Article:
DOTA creator Abdul Ismail (better known as IceFrog) has assured the Defence of the Ancients community that Valve's new sequel won't override and replace the original.
At least not straight away.
"I plan to keep DOTA updated for as long as the community wants," he pledged.
"That being said," he added, "I think that DOTA2 represents the long term future for the game."
His comments were made as part of an open Q&A on the DOTA2 website. The general gist of the answers is that DOTA gameplay will remain largely intact, with the majority of improvements surrounding the Network infrastructure, match spectators and community aspects.
Oh and graphics, of course - although visual flourishes won't be at the expense of gameplay.
"Gameplay is definitely the most important aspect," promised Ismail. "Everyone on the team understands this concern.
"The number-one priority is making sure players can quickly and easily tell what's happening on the screen at all times. Fine tuning the right visual balance with each ability, effect, hero, etc., will be an ongoing process as the game is play-tested and we get your feedback.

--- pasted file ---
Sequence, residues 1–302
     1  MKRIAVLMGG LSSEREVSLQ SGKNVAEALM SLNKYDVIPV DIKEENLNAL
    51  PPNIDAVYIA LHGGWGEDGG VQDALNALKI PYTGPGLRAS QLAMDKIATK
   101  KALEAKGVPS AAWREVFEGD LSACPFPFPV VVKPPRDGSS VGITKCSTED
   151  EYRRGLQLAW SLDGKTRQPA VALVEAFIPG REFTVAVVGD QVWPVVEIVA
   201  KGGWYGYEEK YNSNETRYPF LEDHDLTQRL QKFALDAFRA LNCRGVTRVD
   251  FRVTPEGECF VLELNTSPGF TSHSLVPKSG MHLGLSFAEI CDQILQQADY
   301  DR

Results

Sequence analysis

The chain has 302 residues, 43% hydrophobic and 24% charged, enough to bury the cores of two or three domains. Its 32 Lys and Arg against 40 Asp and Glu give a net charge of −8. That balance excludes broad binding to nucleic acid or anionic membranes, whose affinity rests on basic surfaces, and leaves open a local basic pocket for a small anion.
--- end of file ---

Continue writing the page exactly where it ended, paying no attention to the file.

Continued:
"A clean and understandable visual representation of the action is important to everyone from experienced players, spectators, to new players."
DOTA is a custom scenario built for Warcraft III using the game's world editor. The idea is to destroy the opposing teams' Ancient boss using a squad of hero units, which can be levelled up and decked out in better gear throughout the course of the battle.
DOTA was the basis for Gas Powered Games' flawed-but-enjoyable Demigod and Riot Games' free and accomplished online game League of Legends.
Even Blizzard trumpeted a free DOTA mod for StarCraft II at BlizzCon 2010 recently.
The only real surprises are that a DOTA sequel has taken this long and that it's Valve not Blizzard bossing it. Mind you, Blizzard's Rob Pardo doesn't seem too thrilled with the latter prospect, especially after Valve tried to trademark the title.